The “Do Nots” You Need to Know When Travelling with Dogs

Are you traveling, and are you in the company of your dog? If so, you should ensure that your dog is comfortable and safe throughout the journey. Leaving your dog at home as you hit the road will make them happy.

However, when comfort and safety are provided, you and your dog could be happier throughout your trip. If you and your dog are inseparable, or that you are traveling with your whole family, there could be no one left behind to care for your dog, and bringing her along is the best alternative.

There are tips for a low-stress and safe trip with your dog. In this article, I will share such tips for you for a more practical approach.

1. Do Not Allow Your Dog to Roam Randomly.

Always ensure that your dog doesn’t freely roam in the car. I would recommend that she stays safe in a crate which is anchored to the car preferably using a seat belt.  With a seat belt or dog restraint, you are confident your dog cannot roam randomly in the car. This way, the driver is less distracted thereby minimizing chances of an accident. (1)

However, if your dog does not identify with car rides, it could feel nervous and uncomfortable as you travel. Therefore, it is crucial that their and your safety is provided by keeping the dog calm and relaxed even when restrained in a crate. Playing some dog-soothing music could help minimize dog anxiety and calm her significantly.

2. Do Not Allow Your Dog to Pop Its Head Out Through the Window.

As a rule, your pet’s head must be kept inside. Ensure that you safely keep your dog inside the car while on the road all the time. If you allow your dog to stick her head out through your car window, you significantly could expose her to injury by debris or particles hanging freely in the air.

Also, your dog could fall sick if cold air is forced into her lungs when her head is popped outside (2).  This is the reason you should also avoid transporting your dog in the back of an open pickup.

3. Never Leave the Dog Alone in Your Vehicle.

It could sound normal leaving your dog alone in the car, especially when making a pit stop. However, this length of time is too long for a dog to be alone in the car.

Think of the hazardous heat exposure when your dog is left in the car. For instance, the temperature outside the car could be at 72 degrees Fahrenheit, and it could rise to 116 inside the vehicle in less than an hour. If it is 85 degrees Fahrenheit outside, ten minutes are enough for the figure rise by around 20 units even when the windows are slightly open.

Therefore, do not leave your dog in the car as such temperatures could potentially harm her. High temperatures in the car could also trigger organ damage and eventual death. What about the possibility of your dog getting stolen when left alone in the car?

4. Do Not Fly with Your Brachycephalic-faced Dogs

Does your dog have a pushed-in face? That means it is brachycephalic-faced, and air transport is usually dangerous for her. Therefore, it is vital that you consider an alternative means of travel. Mainly, air transport is not a safe option for pugs and bulldogs.

As an article on Huffington Post reveals, since brachycephalic-faced dogs have short nasal passages, they are exposed to oxygen deprivation as well as heat stroke vulnerabilities. (3)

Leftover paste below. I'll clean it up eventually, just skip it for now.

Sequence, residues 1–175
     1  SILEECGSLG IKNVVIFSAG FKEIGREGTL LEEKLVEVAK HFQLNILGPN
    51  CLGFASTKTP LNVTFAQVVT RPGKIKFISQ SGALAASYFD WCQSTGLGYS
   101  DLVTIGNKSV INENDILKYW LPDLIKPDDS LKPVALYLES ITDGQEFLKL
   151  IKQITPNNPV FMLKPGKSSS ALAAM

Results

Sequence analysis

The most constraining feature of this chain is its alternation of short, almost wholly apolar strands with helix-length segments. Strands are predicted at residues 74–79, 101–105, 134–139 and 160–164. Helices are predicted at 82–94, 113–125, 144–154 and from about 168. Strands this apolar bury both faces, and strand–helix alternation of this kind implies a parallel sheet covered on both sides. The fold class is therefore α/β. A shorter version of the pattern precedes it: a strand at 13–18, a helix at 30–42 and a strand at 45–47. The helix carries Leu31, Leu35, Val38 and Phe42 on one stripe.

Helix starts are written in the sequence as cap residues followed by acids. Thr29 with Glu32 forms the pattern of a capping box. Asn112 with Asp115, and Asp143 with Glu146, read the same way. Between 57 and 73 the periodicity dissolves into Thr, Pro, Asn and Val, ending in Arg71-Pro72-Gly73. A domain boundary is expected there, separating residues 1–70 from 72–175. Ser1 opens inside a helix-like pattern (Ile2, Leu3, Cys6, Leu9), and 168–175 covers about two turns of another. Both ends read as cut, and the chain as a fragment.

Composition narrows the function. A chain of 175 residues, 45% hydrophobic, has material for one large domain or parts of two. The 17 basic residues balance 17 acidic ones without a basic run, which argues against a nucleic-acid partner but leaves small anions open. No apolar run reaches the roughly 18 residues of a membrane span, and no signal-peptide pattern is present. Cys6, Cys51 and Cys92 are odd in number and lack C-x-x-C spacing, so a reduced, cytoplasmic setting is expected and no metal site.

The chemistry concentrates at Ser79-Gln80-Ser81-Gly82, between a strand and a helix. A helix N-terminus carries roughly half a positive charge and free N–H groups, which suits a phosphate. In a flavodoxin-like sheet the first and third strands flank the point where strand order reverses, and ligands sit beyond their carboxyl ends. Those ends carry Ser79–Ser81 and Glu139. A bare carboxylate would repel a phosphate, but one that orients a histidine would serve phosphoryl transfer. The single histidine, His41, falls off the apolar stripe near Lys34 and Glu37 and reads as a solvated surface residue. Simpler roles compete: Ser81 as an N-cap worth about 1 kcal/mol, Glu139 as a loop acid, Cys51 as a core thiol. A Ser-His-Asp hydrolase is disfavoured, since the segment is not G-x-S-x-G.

While I recommend that you better leave your dog with a boarding kennel or dog sitter, there are moments you must carry along your dog. Therefore, you need to compare the risks and benefits of flying with your brachycephalic-faced dog.

5. Do Not Fly with Your Dog Unless They Occupy the Cabin.

Have you reviewed all the possible alternatives to flying with your dog? If flying is the only option you got, then ensure that your dog is in the cabin.

It is critical to consult with your airline or travel agency to determine whether they accept dogs in the cabin. For instance, it is likely that you will need to incur an extra cost for bringing your dog on board. Also, contacting the airlines in advance will allow you to know the maximum number of dogs allowable on board.

Also, you should have the necessary immunization and dog health certificates. Lastly, your dog should be in the recommended dog carrier brands. This way, your flight will be safe, enjoyable, and stress-free.

6. Do Not Fly with Your Dog While She Occupies the Cargo Hold.

I must acknowledge that most animals are safe when flown in the plane’s cargo areas. However, it is undeniable that some get injured, lost, or even killed on commercial flights every year.  Why are cargo areas unsafe for your dog? Well, these areas are notoriously known for rough handling, poor ventilation, and excessively cold or hot temperatures (4).

As you fly, your dog should be safe on the plane. Seek an alternative means of transport if your dog can only be in the cargo hold area.

Conclusion

Whichever means you use to travel, the comfort and safety of your dog should be a top priority. Ensure that you carry the right safety tools and enough food, but also ensure that the conditions under which your dog is traveling do not present any health or physical risk to your dog. Remember, you can only enjoy your trip and vacation if your dog is safe and comfortable.

Author Bio:

Ruby is the proud owner of Pet So Fun. She is also responsible for the abundant content creation on the website. She knows that there are millions of pet owners looking for the right kind of information online. And this is where her expertise lies. Smith writes about pet care health and fitness along with the best pet product recommendations. There is nothing on her blog that doesn’t encourage others to create a healthy and friendly environment for their pets.

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